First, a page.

Just finished this loop. It's been described before, but here are some quick thoughts:
I used the Aspen/West Maroon Lake trailhead. I had no trouble driving straight to the trailhead at 4:30 on a Friday afternoon. I didn't inquire about the official policy of who gets to drive and when vs. who has to use the shuttle--I just showed up, told the ranger at the gate I was backpacking, and he waved me through without comment.
I did the basic trail loop clockwise with no bells or whistles. I camped first night just below treeline north of (i.e., before) Maroon Pass, and I camped the second night just below treeline west of (again, before) Buckskin Pass. The valley leading up to Maroon Pass was incredibly crowded with other campers--I was grateful for the flexibility in campsite selection that comes with a tarp/bivy combination. The area around Snowmass Lake was similarly crowded. The small basin below Buckskin pass was gorgeous and completely empty on a Saturday night. Perhaps because of the times at which I hiked, I didn't run into too many people on the trail except for on Sunday morning, when I hit hordes of incoming once I got to the valley floor.
I spent 41 hours on this route, but it could easily be faster or slower. For me, my pace was dictated by work (couldn't make the trailhead until 5 p.m. on Friday and needed to be out early on Sunday--I left at 9:30 a.m.) and concern that I shouldn't commit to a schedule that would require crossing any passes in the afternoons, for fear of thunderstorms. On the two days I was out, however, the weather wouldn't have been a problem. I got a light sprinkle both afternoons, and substantial rain on Friday night, but I could have come out Saturday night (doing Buckskin pass after 6 p.m.) without any problem. But I didn't have anywhere better to be than that basin. On Saturday I had plenty of time to take some breaks and shoot pictures--in trying to learn to use a borrowed SLR, I shot over 200 photos on the trip.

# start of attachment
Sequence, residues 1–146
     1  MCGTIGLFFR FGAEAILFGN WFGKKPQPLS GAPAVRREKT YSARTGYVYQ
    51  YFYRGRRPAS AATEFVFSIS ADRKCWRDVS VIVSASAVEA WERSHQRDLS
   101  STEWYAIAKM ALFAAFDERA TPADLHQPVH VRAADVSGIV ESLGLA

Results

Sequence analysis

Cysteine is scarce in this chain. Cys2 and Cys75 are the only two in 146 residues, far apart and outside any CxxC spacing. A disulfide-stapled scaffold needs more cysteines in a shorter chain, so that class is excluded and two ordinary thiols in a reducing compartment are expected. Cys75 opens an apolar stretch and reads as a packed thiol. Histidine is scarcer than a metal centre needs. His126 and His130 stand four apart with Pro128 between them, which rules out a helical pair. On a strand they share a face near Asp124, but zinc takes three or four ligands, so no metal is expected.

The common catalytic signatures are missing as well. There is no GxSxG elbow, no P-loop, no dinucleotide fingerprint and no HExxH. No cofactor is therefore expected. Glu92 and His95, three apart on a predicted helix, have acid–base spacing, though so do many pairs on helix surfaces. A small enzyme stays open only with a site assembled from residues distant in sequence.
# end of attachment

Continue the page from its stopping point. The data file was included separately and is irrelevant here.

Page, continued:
If I had more time (which I originally thought would have been the case for this trip), my first choice would be to combine the east and west approaches to Snowmass Mountain, substituting that summit for Trail Rider Pass. For someone with my level of ability, this would be possible on a two-night trip with a full day at the beginning (rather than my short days on each end): day one would be hiking clockwise to Lake Geneva, to queue up a west-side approach of the summit; day two would be the summit and, if I was up to it, a hike to the basin before Buckskin Pass; day three would be a hike out, with a detour over Willow Pass if I'd made it all the way to Buckskin the night before. Of course, I ran into one couple that explained that they were doing the whole trail loop as a day hike, and I saw a bunch of trail runners that didn't explain where they were going, so it can obviously be done faster. There a ton of other ways to stretch this out as well.
The trail conditions were great: no logs across the trail, little brush, and mostly dirt footing that was kept firm and non-slippery by the afternoon rains. I did the hike in road running shoes with poor grip without any problems (having destroyed my trail runners the weekend before).
Mosquitoes were not a problem--I think I noticed two on the whole trip. I slept with my bivy unzipped and had one spider on my face in the night but no flying annoyances.
I used a bear bag rather than a can, and finding appropriate branches to hang it from was a minor challenge--took me ten to fifteen minutes of looking around each night to find a location I thought was acceptable.
Water was available all over the place. The only time I was worried I didn't need to be: on the hike from Snowmass Creek up to the basin before Buckskin. Based on the topo contours I figured there would be water in the basin, but I got skittish about it spent a solid 15 minutes or so trying to collect water from little muddy trickles in fear of a dry camp, only to find abundant water at my campsite.